• Items of necessity: clothes, shoes, toiletries, dentures, prostheses, personal electronic devices, small amount of cash or debit/credit card
    • Recent discharge paperwork/medication list
  • Maintaining continuity of care:
    • PCP is expected to continue providing whatever care and follow up calls, or televisits or in-person visits
    • If patient has home care, coordinate with them to transfer to hotel
    • Patient’s PCP expected to coordinate in-home supportive services
    • PCP or referring clinician welcome to do a visit at hotel, please provide your own PPE
    • Guests receive guidance to call 911 if they have medical emergency
  • LOS
    • Isolating: after 10 days of onset of symptoms and absence of symptoms for 3 days and overall improvement in symptoms
    • Quarantine: 14 days or if home situation changes so that they can isolate at home
    • Any issues with referrals: Assistant VP Dr. Aaron Miller:
    • Hotels are free
    • Patients will be contacted within an hour of referral
    • What if patient doesn’t have a phone? TBD maybe Ryan considers keeping patient on site and gives a direct call back to the center
I made two attempts to call into this line s a general line for H&HC Covid services. I was able to get through to the right place for the Covid Hotel Program within 5 minutes on my second attempt. They stated ancillary staff should be able to make these calls, but providers should be able to make the referral within a visit as well. Sara Sansone, MS, MPH, RN (she, her) Chronic Care Manager | Population Health P: 212.484.5860 M: 646-927-9609 F: 212.265.6565 Ryan-Chelsea Clinton Community Health Center ADDENDUM D: MEDICAL RESPITE ADVOCACY PLAN FOR NYC MEDICAL RESPITE BED ADVOCACY PLAN There is no question that we need medical respite beds in New York City. Many of our service providers will attest to this. People suffering homelessness are deprived of complete recovery alternatives after leaving an emergency room. People are mostly cared for by family or visiting nurses after returning home to ensure successful recovery. People who are homeless do hot have access to aftercare, and hospitals are reluctant to house people beyond their needed emergency care. As one Mount Sinai doctor said, we’re not a Holiday Inn. A medical respite bed facility can be a pipeline from the hospitals to health, medical, social, and other services, which can lead to housing opportunities.  This four-step plan is to encourage the development of medical respite beds in NYC. This is a plan in progress, not without flexibility, and is open to suggestions. Step #1 (Began November 2019) Mission: Describes our mission (the encouragement of medical respite beds) and suggests the following pathways to complete that mission:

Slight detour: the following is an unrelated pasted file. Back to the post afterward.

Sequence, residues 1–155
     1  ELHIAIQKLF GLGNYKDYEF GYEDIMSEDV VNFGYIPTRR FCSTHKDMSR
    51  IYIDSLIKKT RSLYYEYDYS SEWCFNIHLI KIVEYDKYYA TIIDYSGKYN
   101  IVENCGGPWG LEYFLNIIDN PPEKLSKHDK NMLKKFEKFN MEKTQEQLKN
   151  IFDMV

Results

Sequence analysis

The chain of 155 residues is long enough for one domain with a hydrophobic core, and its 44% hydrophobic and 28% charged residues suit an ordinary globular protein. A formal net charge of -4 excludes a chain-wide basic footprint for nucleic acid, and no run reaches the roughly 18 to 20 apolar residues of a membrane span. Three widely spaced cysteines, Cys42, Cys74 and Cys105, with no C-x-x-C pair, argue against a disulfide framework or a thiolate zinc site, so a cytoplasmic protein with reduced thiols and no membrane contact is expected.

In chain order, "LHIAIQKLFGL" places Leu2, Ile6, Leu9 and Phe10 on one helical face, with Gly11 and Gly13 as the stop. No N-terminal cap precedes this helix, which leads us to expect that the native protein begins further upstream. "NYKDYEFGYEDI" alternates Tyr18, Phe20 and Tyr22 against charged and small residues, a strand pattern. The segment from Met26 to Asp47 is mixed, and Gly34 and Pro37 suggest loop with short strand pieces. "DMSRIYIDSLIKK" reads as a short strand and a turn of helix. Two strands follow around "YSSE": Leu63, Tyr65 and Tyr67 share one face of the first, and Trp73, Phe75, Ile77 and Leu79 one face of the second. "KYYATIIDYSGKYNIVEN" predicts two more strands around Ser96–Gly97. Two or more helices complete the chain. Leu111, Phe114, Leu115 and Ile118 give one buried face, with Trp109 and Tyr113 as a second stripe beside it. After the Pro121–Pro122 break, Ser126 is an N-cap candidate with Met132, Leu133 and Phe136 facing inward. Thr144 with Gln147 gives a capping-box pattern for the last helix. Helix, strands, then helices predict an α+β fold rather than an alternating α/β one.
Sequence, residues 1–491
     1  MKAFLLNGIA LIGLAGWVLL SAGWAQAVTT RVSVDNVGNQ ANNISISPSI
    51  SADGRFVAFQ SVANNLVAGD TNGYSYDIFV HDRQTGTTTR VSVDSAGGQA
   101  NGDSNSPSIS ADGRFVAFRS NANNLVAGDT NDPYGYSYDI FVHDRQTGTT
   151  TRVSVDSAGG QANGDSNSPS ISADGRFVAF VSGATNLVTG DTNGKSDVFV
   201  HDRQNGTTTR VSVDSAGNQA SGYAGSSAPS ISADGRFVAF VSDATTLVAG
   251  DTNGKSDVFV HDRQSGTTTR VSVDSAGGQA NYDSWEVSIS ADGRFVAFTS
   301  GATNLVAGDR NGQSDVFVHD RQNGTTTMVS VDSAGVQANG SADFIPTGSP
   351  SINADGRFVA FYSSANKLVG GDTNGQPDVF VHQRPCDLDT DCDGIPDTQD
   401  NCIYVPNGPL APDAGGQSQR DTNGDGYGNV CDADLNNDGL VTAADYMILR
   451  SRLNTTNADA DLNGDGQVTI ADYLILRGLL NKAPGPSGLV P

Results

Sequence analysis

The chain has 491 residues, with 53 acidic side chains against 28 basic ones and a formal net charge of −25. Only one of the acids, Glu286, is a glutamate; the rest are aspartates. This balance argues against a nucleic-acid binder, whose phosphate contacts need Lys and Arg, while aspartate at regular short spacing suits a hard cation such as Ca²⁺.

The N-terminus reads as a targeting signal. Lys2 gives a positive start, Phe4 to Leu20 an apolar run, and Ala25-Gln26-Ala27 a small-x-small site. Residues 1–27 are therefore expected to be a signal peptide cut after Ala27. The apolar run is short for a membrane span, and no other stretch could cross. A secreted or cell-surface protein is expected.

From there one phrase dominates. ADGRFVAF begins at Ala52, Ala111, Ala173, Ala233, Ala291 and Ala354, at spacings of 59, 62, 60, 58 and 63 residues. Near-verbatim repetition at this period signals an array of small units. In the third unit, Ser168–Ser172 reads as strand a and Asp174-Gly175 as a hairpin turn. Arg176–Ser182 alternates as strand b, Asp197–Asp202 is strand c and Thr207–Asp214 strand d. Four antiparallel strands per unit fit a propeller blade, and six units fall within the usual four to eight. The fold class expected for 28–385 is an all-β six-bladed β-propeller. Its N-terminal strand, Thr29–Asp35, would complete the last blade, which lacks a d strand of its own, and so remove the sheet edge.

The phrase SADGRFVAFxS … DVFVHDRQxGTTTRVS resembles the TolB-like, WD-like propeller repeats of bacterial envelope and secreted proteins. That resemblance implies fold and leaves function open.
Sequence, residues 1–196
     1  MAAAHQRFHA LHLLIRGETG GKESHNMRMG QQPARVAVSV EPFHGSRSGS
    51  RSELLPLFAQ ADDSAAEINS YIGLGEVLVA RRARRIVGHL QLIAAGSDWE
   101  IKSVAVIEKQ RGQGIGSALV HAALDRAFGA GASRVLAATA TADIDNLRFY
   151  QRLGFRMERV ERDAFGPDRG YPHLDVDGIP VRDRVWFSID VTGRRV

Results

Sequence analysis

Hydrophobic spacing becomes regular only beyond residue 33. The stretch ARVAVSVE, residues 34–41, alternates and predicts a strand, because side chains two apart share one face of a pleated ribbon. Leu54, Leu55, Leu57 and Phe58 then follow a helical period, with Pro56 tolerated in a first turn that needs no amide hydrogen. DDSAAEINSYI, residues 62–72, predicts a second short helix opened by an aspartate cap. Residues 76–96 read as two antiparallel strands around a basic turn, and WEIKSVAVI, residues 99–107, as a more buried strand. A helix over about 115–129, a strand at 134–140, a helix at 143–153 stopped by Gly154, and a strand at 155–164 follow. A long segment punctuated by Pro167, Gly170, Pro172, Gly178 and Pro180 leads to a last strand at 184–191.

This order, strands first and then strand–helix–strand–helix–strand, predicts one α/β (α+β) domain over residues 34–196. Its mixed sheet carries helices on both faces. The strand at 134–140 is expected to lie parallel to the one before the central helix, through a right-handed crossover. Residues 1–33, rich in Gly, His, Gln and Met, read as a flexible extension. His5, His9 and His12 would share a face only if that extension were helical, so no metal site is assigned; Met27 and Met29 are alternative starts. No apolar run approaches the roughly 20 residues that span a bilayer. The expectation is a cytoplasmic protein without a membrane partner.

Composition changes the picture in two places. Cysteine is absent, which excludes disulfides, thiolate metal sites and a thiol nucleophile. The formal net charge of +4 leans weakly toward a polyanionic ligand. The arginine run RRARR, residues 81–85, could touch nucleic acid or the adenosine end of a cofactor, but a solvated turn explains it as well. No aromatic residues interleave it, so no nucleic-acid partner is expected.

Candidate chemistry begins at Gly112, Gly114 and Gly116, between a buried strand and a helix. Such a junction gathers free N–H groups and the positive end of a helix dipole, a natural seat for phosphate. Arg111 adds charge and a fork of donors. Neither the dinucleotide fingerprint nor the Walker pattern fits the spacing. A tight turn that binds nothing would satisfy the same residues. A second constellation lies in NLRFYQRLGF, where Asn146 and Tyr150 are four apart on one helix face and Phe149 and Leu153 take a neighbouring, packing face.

• Encourage medical respite bed funding through the city budget
  • Ask the city to fund a pilot project to study the financial and clinical outcomes
  • Encourage the network of providers to develop medical respite beds